Do you find that a decent amount of individuals with disabilities are also interested in kink and BDSM? If so, how can the Kink Community make kink and BDSM more accessible to them?

There are definitely a lot of us who are disabled and into kink. A few things to keep in mind:
– Not all disabilities are visible.
– Accessibility needs can include wheelchair access, low/no-scent policy, and being mindful of allergies among many other things.
– Don’t make assumptions about a person’s ability to consent to something without having a conversation with them. Many disabled people wind up being infantilized or made to feel like a child. Part of this is due to the  assumption that we don’t engage in kink or that we’re automatically asexual. Many of us are, but many of us are proud and queer and kinky sluts too.

 

What is your personal motto? How does your work in sex education and writing reflect this?

My motto is ‘Do no harm but take no shit.’ It plays into how I interact with everything in the world. Is X company promoting ableism (discrimination against disabled peeps), other bigotry, or harmful misinformation? If so, I’m going to call it out and point out the issues with it.

 

What would you say is your greatest goal at large? How do you want to go about accomplishing this?

I want people to know that they’re worthy of having amazing relationships and mind-blowing sex no matter what disabilities they have and/or challenges they face! So often many of us forget this due to self-esteem or other issues. Once we realize we deserve more, we can work towards getting that.

 

What new projects/endeavors are you currently working on? How will these benefit the communities at large?

One thing I’m working on at the end of this summer is a literature review of research around kink and chronic pain. There is some out there, but it’s not easily accessible. I’m hoping that pulling information together will help more people gain access and start thinking of kink outside of the box. I’m also hoping it leads to lessening the stigma around kink as well as giving other disabled pals an idea of something that might help them.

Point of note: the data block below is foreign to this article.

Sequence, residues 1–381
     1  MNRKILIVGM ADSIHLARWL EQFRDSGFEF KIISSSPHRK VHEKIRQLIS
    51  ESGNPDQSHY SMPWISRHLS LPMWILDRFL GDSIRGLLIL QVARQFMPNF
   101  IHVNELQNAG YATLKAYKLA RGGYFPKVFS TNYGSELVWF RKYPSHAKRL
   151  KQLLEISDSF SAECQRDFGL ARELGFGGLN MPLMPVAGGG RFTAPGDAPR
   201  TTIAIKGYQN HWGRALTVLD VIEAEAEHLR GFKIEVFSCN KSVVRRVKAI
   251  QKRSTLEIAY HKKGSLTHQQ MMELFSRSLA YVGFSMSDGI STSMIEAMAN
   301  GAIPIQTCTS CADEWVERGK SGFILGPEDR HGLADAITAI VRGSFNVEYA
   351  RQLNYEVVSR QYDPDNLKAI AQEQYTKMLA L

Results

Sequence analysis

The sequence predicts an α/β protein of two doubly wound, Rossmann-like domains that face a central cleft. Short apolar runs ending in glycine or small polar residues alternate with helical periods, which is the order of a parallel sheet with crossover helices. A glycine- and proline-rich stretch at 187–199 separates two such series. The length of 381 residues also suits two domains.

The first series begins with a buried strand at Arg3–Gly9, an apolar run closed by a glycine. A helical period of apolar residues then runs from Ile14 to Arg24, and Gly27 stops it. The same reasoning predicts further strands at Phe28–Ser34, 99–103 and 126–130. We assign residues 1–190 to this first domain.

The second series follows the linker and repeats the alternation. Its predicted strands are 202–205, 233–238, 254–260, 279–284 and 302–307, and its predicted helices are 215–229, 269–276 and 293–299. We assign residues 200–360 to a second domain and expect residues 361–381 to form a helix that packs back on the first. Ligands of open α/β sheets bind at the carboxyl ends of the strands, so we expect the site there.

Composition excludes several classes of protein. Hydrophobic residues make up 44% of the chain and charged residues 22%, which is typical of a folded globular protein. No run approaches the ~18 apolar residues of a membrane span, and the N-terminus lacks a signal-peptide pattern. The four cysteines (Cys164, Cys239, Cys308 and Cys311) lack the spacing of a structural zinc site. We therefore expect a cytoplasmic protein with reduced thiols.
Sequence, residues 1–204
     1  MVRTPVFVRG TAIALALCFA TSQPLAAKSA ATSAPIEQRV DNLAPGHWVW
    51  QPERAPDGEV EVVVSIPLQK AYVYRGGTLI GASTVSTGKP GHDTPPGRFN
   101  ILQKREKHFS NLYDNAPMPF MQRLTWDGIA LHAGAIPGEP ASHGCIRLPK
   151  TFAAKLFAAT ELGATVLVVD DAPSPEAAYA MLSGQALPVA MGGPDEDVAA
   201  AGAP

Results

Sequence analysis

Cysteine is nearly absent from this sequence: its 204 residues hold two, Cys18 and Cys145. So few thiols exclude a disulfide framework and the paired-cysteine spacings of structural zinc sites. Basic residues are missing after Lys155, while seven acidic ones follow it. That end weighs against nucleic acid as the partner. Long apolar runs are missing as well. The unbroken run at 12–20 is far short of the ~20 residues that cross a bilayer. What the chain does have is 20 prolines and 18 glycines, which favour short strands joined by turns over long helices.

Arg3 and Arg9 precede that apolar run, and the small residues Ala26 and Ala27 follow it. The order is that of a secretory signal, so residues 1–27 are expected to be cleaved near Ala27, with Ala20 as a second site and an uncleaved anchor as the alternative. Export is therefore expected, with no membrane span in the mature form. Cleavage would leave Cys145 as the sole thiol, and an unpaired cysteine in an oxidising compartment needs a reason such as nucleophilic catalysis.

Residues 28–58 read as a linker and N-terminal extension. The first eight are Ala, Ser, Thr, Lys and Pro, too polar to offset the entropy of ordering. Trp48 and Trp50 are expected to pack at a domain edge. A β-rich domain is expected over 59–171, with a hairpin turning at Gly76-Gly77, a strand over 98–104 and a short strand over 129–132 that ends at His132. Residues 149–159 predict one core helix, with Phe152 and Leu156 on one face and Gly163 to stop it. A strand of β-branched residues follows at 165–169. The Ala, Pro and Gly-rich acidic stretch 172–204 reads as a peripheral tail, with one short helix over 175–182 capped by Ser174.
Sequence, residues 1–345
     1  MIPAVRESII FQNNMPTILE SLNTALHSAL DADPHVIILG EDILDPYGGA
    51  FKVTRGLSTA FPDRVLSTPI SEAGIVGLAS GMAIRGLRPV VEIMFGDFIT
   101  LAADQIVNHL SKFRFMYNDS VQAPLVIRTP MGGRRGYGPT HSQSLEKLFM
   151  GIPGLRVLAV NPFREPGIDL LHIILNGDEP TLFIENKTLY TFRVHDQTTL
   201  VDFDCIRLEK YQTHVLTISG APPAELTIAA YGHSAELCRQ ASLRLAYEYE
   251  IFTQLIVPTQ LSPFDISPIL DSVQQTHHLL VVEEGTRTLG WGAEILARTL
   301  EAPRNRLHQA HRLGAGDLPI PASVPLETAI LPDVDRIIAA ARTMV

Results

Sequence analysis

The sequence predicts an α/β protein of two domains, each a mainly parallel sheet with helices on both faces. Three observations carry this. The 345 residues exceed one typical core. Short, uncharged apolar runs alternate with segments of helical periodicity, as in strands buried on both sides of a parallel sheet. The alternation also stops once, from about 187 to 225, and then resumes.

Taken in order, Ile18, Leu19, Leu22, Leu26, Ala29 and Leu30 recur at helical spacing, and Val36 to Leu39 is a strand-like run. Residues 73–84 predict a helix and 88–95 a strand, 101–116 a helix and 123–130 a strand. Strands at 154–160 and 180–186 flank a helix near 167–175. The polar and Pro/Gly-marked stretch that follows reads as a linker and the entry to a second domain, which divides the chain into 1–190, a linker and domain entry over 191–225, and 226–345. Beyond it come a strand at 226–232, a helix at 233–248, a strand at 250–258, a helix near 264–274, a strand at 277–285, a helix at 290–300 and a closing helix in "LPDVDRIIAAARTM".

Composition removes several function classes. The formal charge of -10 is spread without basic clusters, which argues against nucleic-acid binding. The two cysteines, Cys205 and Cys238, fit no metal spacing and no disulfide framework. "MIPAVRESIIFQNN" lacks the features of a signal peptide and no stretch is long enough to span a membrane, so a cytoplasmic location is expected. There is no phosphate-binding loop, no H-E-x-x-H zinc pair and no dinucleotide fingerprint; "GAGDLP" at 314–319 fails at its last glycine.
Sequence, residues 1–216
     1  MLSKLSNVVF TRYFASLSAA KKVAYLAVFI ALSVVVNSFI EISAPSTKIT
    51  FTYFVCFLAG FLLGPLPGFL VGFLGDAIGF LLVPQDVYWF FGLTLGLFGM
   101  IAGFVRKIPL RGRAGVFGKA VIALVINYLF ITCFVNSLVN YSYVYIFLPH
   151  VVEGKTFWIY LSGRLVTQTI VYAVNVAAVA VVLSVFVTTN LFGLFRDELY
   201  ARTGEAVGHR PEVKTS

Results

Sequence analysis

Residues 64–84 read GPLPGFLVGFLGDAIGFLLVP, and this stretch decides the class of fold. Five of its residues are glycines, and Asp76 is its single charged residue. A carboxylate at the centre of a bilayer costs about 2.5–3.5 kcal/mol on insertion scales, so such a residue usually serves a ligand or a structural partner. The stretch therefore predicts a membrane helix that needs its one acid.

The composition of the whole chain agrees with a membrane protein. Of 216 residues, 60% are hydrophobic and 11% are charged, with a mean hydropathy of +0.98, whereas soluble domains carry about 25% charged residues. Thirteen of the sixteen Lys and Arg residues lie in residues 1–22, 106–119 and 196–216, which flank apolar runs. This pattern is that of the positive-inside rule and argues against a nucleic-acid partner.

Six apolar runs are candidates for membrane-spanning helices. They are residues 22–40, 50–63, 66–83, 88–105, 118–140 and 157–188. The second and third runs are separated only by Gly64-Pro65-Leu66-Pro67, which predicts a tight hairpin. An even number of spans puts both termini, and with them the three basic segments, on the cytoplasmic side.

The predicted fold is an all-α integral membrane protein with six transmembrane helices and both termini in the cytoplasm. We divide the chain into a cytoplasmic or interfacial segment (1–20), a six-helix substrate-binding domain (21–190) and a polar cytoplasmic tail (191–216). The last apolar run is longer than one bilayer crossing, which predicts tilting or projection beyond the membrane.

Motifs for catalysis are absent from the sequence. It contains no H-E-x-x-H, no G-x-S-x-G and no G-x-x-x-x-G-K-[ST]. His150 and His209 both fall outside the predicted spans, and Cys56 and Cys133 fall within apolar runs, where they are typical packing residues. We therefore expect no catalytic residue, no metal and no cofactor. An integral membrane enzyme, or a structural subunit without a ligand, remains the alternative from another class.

Why do you feel that sex education is so imperative? What do you feel needs to be talked about more?

I feel like a big part of it is that we need to normalize sex – and not just sex, but good sex. Despite all that I know about sex, I still find myself falling into ideas like it’s normal to have painful sex – and it isn’t. The more we talk about sex and dispel the misinformation around it, the more we can take steps to have better sex – and take care of ourselves.

 

In your opinion, what is the biggest stereotype concerning sex, kink, LGBTQ, disabilities, etc. that needs to be dispelled?

The biggest thing that goes across all of these categories is that it’s never okay to assume things about others. Someone who is queer may not love to wear rainbow gear. A disabled person may not ‘look’ like they’re disabled. Kinksters might be goths or soccer moms. The only way we can learn about other people is through communication- not judgment based on appearances.

 

Any closing thoughts?

I’m so grateful to be able to share these ideas and what I’m working on. Hopefully, people find something helpful within it!


About Kirsten

Kirsten Schultz is a sex educator and writer. Through their work as a queer disability activist, they have earned a reputation for tearing down barriers while mindfully causing constructive trouble. They know how hard it can be to live a full life while dealing with health issues, so that’s why they work most closely with people living with chronic illness or disability, helping them to rediscover their lives after diagnosis.
Kirsten has worked with organizations all around the world, including Healthline, Pfizer, and the Arthritis Foundation. In addition, their work has been featured in articles from publications such as US News, Broadly, HelloFlo, Bustle, and Everyday Health.
Kirsten holds an MS in Healthcare Administration from Utica College. You can learn more about them and their work at chronicsex.org and on Twitter @chronicsexchat.
Links:
www.chronicsex.org – Chronic Sex
kirstenschultz.org – writing site
facebook.com/chronicallysexy – Chronic Sex on Facebook
twitter.com/chronicsexchat – Chronic Sex on Twitter
instagram.com/chronic_self_love – Chronic Sex on Instagram
pinterest.com/chronicsex – Chronic Sex on Pinterest

 

Comments

  1. submissivesoul says:

    This interview is so wonderful! Thanks for putting this together!

    Love what you are trying to do Kirsten!

  2. Great interview Slave Bunny!

  3. Fantastic interview!!! Thank you for continuing to bring attention to this important topic!

  4. Fantastic interview!! Thank you for continuing to bring attention to this important topic!